Friday, April 01, 2011

HOW USA CAN AVOID WAR WITH CHINA IN 21ST CENTURY

Dr. Alexander Young has recently written in his “How US can avoid war with China”:

“Twenty-first century China is practicing Sun Tzu’s (孫子) Art of War of 2,500 years ago, namely: ‘To win 100 victories in 100 battles is not the acme of skill,’ but ‘o subdue the enemy without fighting is the acme of skill,’ e, using deception, dividing the enemy, encircling and attacking when overwhelmingly superior but evading when weak, taking the enemy’s country whole and intact instead of destruction.”

In response, Young advocates that the USA over the next half century follow this three-fold path.

[1] Recognize that “China’s rise needs not be dangerous, because the outcome of China’s rise will depend less on the pressures generated by the international system than how well US and Chinese leaders manage the situation.” So, despite any increase in size, military might and modernization of its army or navy forces, China will prefer the path of peace despite any chain-rattling that it may perform during the next decades. Therefore, backing out of commitments to Taiwan and neighbors is not necessary for the USA.

[2] Maintain “peace with China through the balance of power by hard and soft US power, as ‘China’s long-term comprehensive transformation of its military forces is improving its capacity for force projection and anti-access and area denial.” In other words, the “US should strengthen its military capability and alliances, and demonstrate its will and ability to maintain peace and security in the Asia-Pacific. Likewise, “The US should expand its soft power by strengthening its idealistic foreign policy tradition of what US President Barack Obama has called universal human values, namely, liberty, democracy, human rights and US credibility.”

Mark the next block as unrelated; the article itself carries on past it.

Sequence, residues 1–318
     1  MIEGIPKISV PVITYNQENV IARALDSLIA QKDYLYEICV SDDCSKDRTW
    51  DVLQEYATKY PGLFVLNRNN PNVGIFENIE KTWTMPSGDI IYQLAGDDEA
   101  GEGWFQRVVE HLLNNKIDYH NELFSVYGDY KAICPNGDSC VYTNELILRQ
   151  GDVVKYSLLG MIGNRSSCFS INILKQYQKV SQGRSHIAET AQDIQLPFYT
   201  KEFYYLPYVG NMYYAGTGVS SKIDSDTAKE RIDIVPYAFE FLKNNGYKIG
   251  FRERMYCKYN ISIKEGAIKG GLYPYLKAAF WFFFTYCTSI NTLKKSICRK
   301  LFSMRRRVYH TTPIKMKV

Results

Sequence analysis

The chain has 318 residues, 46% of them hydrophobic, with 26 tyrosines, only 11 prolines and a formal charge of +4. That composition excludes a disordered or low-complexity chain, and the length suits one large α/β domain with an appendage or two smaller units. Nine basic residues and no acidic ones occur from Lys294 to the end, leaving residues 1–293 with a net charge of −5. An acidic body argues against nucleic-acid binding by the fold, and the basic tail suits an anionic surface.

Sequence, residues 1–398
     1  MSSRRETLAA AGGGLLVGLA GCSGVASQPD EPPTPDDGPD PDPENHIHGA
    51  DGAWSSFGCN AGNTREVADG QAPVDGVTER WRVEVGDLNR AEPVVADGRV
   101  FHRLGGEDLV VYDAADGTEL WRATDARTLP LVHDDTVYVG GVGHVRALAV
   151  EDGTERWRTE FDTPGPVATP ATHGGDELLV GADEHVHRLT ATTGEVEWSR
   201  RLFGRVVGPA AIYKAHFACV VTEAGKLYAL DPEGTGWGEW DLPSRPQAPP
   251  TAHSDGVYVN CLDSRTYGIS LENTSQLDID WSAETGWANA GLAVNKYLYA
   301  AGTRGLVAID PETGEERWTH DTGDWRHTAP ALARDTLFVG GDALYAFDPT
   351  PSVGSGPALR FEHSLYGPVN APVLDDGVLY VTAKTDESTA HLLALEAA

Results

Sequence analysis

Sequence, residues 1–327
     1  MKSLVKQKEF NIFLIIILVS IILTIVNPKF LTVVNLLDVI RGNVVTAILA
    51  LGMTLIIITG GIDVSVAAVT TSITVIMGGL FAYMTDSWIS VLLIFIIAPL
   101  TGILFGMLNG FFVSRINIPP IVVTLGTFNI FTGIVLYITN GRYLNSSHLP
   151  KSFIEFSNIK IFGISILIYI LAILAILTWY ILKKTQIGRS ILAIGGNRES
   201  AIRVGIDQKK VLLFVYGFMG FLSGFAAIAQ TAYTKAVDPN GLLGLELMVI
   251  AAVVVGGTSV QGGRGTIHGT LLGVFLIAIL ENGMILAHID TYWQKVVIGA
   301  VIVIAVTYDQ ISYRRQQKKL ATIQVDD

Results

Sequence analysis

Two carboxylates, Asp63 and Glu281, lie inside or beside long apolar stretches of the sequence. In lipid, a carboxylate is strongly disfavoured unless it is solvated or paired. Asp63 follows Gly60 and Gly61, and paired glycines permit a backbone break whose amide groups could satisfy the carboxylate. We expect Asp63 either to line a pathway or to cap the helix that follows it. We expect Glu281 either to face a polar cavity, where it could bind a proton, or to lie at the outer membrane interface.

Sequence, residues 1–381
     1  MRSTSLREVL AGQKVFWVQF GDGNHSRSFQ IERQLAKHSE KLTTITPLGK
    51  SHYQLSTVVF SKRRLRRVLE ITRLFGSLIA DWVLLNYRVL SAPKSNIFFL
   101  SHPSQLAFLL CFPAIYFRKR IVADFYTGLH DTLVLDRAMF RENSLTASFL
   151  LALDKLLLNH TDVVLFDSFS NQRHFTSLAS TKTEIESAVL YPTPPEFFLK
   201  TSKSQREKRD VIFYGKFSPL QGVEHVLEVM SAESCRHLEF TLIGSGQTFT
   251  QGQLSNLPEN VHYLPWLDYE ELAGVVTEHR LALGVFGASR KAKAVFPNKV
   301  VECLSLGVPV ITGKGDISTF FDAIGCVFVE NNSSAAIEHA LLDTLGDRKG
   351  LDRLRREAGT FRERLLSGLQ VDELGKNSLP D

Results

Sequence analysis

[3] “The US must revive its manufacturing industry, increase employment, cut its unsustainable national debt (over US$14 trillion as of last month), trim the enormous debt to mercantilist China (US$1.16 trillion at the end of last year, according to the US Department of Treasury, but about US$2 trillion by Federal Reserve Chairman Ben Bernanke’s estimate), which endangers the US economy and increases Beijing’s ability to dictate US policy.”

http://www.taipeitimes.com/News/editorials/archives/2011/03/26/20034

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